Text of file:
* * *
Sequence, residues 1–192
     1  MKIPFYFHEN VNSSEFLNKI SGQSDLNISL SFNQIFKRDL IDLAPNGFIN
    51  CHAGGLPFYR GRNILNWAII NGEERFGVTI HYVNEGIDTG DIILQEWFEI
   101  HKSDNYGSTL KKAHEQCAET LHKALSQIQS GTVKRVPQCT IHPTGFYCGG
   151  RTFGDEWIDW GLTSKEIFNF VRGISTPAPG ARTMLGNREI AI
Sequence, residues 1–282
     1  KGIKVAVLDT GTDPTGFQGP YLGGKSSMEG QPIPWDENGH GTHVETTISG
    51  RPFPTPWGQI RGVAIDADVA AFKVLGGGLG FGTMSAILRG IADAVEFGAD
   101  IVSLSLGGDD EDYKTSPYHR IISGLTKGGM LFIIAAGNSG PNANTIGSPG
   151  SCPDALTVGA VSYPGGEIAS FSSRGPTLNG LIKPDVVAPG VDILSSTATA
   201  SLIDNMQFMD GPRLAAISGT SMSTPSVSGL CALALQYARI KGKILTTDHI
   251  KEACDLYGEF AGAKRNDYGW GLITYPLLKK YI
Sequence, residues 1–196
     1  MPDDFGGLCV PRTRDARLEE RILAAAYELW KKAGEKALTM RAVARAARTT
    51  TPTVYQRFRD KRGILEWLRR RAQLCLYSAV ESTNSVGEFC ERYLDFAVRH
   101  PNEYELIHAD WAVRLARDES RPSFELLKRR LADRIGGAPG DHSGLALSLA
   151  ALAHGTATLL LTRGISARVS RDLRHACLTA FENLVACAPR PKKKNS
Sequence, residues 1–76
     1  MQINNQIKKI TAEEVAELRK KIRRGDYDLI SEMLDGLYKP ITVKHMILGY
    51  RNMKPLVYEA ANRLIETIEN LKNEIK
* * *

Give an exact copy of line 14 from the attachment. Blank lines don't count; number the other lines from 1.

     1  MPDDFGGLCV PRTRDARLEE RILAAAYELW KKAGEKALTM RAVARAARTT